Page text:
Jilted Africa cool to US vote after Obama fever fades
By Njuwa Maina and Tosin Sulaiman
KOGELO, Kenya/JOHANNESBURG (Reuters) - In the tiny Kenyan village of Kogelo, U.S. President Barack Obama's ancestral homeland, some people talk of hurt feelings of the kind experienced when a favourite relative has failed to get in touch.
Four years ago, Kogelo, and Africa in general, celebrated with noisy gusto when Obama, whose father came from the scattered hamlet of tin-roofed homes, became the first African-American to be elected president of the United States.
Looking across the Atlantic to the November 6 presidential election, the continent is cooler now towards the "son of Africa" who is seeking a second term. There are questions too whether his Republican rival, Mitt Romney, will have more to offer to sub-Saharan Africa if he wins the White House.
Obama, who hailed his "African blood within me", only visited sub-Saharan Africa once in his four years - a stopover of less than a day in Ghana in between summits elsewhere.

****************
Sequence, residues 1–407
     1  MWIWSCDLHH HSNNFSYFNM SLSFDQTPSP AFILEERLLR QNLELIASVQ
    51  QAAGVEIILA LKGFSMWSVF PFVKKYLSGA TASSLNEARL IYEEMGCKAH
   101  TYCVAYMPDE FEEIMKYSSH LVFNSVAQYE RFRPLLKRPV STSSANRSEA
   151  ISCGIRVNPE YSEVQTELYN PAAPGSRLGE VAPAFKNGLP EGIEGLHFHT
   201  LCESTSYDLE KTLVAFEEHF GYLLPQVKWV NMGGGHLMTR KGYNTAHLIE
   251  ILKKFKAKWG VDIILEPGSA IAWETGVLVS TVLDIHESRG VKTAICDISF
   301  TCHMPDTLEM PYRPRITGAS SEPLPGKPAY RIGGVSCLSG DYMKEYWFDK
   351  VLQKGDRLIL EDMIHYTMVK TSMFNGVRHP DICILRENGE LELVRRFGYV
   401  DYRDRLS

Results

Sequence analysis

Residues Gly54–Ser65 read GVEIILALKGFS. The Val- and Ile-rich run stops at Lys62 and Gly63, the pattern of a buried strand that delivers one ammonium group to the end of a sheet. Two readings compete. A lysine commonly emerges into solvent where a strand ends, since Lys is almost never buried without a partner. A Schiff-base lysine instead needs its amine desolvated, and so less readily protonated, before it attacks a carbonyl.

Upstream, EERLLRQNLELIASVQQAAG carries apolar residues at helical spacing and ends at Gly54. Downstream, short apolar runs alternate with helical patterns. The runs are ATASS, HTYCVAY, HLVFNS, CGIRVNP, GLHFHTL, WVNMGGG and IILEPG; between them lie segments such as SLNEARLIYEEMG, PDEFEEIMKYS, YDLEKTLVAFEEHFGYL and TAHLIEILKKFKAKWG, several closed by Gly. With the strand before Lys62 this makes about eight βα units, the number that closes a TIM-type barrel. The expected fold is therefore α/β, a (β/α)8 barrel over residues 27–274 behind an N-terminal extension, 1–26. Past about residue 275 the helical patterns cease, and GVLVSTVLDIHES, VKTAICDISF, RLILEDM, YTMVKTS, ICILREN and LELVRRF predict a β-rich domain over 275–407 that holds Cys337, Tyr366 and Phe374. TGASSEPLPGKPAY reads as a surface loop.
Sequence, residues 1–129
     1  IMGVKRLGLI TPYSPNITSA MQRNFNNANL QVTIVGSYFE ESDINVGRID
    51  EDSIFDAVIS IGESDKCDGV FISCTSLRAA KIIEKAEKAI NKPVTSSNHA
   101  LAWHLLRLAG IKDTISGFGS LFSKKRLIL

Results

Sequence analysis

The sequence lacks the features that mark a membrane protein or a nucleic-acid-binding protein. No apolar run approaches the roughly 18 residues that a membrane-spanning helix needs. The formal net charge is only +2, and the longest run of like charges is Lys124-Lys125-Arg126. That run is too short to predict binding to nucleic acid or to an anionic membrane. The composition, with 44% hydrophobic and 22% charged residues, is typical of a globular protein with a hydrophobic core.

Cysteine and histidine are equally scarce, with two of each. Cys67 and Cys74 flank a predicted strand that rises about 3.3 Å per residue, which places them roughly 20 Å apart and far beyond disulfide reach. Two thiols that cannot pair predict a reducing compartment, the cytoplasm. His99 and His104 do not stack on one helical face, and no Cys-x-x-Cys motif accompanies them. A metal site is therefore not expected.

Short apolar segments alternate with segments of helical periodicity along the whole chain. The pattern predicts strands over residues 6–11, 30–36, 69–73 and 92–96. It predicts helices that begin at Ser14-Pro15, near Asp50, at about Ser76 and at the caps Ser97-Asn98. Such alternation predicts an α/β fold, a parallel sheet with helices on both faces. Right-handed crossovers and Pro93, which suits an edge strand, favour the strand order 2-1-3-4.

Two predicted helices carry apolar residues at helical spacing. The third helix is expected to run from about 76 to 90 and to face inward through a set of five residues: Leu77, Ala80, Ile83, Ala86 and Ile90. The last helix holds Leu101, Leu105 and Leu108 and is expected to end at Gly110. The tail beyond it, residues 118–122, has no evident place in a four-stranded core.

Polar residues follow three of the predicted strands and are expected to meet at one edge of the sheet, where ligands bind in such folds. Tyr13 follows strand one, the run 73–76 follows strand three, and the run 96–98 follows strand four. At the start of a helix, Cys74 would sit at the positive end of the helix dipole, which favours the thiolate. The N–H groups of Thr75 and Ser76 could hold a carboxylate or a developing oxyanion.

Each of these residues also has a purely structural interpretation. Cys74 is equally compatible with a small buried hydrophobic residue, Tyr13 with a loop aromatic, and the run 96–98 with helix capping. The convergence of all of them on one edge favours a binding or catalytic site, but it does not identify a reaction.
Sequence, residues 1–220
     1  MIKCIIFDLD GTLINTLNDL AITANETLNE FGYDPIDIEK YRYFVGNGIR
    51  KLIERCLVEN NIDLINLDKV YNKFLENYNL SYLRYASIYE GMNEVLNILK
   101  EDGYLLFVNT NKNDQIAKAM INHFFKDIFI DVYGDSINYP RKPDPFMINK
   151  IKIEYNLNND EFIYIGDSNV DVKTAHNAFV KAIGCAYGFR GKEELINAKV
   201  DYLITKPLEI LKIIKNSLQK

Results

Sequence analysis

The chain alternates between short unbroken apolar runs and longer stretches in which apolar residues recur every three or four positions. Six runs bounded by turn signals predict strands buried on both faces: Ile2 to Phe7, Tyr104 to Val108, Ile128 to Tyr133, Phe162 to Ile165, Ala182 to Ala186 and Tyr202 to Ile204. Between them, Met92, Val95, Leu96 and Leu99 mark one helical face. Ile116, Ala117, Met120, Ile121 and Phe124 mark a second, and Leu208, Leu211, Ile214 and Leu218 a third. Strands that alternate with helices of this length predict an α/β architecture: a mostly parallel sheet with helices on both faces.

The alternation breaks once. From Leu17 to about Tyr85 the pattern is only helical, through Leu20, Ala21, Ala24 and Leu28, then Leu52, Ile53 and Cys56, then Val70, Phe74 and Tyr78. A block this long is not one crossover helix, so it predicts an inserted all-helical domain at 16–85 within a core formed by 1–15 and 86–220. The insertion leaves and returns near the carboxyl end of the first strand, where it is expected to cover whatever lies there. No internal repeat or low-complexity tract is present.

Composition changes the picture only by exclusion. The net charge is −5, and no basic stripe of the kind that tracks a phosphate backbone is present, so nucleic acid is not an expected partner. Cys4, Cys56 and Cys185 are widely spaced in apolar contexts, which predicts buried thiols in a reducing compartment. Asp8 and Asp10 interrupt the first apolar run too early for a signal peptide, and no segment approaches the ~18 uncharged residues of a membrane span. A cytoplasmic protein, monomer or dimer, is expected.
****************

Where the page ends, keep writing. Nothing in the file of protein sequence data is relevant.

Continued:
In Kogelo, which was put on the tourism map by Obama's election and where his grandmother still lives, locals take this personally.
"He should have come to at least say 'hi' to the people of Kenya so that we can know that we are still together in spirit, rather than abandoning us as if he was not our son," said Steven Okungu, 21. "It is a disappointment."
Many in Africa feel their enthusiasm for Obama was not requited by him in terms of increased U.S. commitment and fresh concrete initiatives on the world's poorest continent, a deficit they see being filled by other emerging players such as China, Brazil, India and South Korea.
Sub-Saharan Africa has gone virtually unnoticed as a topic in the U.S. presidential election campaign, focused heavily as it has been on pressing domestic issues such as the lack of jobs and how to prod America's stuttering economy into faster growth. Continued...